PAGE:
Everly’s parents were addicted to meth and heroin, Martin said, and that “she was not being taken care of like a 4- or 5-year-old should be.”
“We were constantly worried about her,” he added, “knowing that something could happen to her at any time, because her parents were drug addicts.”
He and his wife found the legal and financial hurdles of adoption were a burden and relied on a support system from family to help them through the process, which was the inspiration for Martin’s initiative to launch The Thankful Ones.
He aims to help prospective foster parents or adopters navigate the court system and to lower the barriers for potential parents by raising awareness of the obstacles.
“These situations aren’t as uncommon as you would think,” Martin said. “From a percentage level, I would hope it’s pretty low. But increasingly, people were telling us stories that were similar to ours. So we saw there was a systemic need to start something and try to give back somehow.”
Eagle Disinfection Group, where Martin is the director of sales, will provide 400 masks just in case they are needed for the Turkey Trot. But he expects many participants to bring their own masks as well.
The company is a distributor for Puradigm, a startup company aiming to try to increase workplace safety and the safety of indoor environments with its purification technology.
Independent testing at the University of Florida’s Biosafety Level 3 lab demonstrated an ability to eliminate up to 99.99 percent of the coronavirus from stainless steel surfaces.
“My goal was not to shut this event down because I didn’t want the pandemic or the virus to shut it down,” Martin said. “There’s no rule to my knowledge that we can’t. People know about it. No one said we can’t.”
Nonetheless, Martin understands the fear and skepticism some may have about spreading the coronavirus, even for an outdoor event.
“We are expecting a bit of a decrease (in participation) this year that’s going to be attributed to what’s going on,” Martin said.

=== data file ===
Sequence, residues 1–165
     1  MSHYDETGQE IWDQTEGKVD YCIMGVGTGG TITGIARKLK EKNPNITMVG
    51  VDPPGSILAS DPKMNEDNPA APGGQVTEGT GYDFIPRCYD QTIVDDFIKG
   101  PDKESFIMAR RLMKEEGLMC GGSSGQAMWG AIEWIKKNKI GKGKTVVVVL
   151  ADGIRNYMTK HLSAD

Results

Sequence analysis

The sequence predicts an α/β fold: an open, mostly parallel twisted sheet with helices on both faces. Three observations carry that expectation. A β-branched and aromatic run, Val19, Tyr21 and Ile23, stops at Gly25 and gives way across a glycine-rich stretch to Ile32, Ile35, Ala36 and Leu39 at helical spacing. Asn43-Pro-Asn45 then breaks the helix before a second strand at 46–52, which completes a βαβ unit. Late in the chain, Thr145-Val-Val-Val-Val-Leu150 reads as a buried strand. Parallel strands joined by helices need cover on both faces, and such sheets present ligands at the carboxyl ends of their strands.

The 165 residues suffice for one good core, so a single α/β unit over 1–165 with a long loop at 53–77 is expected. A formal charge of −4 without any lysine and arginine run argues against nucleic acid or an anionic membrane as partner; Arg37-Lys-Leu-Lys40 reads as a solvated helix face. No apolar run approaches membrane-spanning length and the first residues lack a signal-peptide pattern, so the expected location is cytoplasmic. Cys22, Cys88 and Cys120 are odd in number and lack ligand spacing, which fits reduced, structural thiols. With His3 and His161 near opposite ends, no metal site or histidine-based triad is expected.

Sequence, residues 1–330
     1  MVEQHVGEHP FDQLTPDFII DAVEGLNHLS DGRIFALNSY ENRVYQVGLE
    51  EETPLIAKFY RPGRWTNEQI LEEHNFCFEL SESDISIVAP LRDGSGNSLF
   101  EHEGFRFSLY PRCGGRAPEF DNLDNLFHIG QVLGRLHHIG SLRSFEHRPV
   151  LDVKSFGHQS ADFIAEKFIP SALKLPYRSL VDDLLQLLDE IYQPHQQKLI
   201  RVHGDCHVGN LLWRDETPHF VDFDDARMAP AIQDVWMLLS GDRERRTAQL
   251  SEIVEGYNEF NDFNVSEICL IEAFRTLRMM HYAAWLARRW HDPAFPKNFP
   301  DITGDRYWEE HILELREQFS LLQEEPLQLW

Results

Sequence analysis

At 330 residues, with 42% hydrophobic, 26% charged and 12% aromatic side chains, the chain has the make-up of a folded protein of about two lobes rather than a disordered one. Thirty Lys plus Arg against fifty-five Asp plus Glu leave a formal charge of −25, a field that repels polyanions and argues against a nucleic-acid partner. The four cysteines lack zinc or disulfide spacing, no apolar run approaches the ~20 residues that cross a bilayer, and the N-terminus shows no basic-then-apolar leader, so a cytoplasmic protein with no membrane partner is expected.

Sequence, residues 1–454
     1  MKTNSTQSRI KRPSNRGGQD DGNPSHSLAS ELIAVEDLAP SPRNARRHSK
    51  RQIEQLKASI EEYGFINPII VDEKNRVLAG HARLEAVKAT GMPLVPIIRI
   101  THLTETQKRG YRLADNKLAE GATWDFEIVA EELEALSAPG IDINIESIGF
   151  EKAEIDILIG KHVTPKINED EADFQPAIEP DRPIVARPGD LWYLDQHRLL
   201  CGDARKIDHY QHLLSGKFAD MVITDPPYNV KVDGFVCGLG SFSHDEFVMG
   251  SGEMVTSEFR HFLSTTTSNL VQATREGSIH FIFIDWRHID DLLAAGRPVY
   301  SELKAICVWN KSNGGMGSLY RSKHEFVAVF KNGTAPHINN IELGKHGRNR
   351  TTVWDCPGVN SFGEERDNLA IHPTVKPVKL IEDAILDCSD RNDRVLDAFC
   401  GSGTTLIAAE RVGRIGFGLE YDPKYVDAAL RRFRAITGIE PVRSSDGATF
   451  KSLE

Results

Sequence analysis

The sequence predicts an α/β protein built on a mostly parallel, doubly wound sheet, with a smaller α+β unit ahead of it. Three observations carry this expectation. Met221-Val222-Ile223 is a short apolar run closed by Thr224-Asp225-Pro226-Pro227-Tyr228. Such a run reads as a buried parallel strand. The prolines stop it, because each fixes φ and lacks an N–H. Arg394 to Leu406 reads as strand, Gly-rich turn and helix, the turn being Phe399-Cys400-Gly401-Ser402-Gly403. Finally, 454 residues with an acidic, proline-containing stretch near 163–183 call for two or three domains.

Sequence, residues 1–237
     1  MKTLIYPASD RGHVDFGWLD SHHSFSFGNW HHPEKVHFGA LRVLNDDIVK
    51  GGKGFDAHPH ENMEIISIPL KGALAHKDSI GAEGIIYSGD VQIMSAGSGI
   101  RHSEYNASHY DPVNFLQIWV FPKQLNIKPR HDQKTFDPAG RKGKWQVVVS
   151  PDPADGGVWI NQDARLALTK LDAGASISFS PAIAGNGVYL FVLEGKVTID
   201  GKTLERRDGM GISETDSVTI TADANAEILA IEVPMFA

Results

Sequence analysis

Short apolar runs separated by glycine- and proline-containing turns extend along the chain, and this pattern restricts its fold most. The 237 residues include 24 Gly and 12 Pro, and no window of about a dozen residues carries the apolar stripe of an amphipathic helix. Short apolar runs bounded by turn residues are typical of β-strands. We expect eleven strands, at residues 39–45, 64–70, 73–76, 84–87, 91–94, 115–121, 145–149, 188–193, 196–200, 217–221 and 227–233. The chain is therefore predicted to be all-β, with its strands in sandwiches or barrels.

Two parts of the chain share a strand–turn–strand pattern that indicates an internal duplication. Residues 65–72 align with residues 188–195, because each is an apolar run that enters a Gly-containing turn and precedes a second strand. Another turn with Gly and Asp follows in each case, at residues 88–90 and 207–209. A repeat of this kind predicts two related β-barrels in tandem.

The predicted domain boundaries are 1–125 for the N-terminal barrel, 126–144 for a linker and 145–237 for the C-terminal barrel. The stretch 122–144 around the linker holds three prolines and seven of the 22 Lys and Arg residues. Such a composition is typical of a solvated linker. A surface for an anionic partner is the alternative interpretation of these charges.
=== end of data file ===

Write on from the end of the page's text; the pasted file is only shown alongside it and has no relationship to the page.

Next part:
The Thankful Ones have seen a slight decrease in terms of the dollar amount given from its donor base, but not the number of donations made, he said.
While there is a virtual run option available, Martin said his supporters have shown a willingness to participate in person. The event has grown from around 100 people in its first year and showed steady growth with the number of registrants each year. But he said he expects about 200 participants this year.
“I feel like us moving forward with it is going to get us more recognition and awareness for our mission and for the children in the county,” Martin said. “Now if there’s an outbreak and the county shuts everything down, I won’t be happy, but at least we took it as far as we could, we kept getting the word out and kept doing what we do.”
He said he often fields questions about pets and strollers and scooters from parents and prospective runners. They are all welcome, he said, as long as the competitive runners are able to safely start at the front.
The 5K race begins at 8 a.m., immediately followed by the 1-mile race. Registration and same-day signup begins at 7 a.m. The race will be held at 2438 Windmill Dr. in Richmond, and participants are asked to park in the Randall’s parking lot at 1890 FM 359.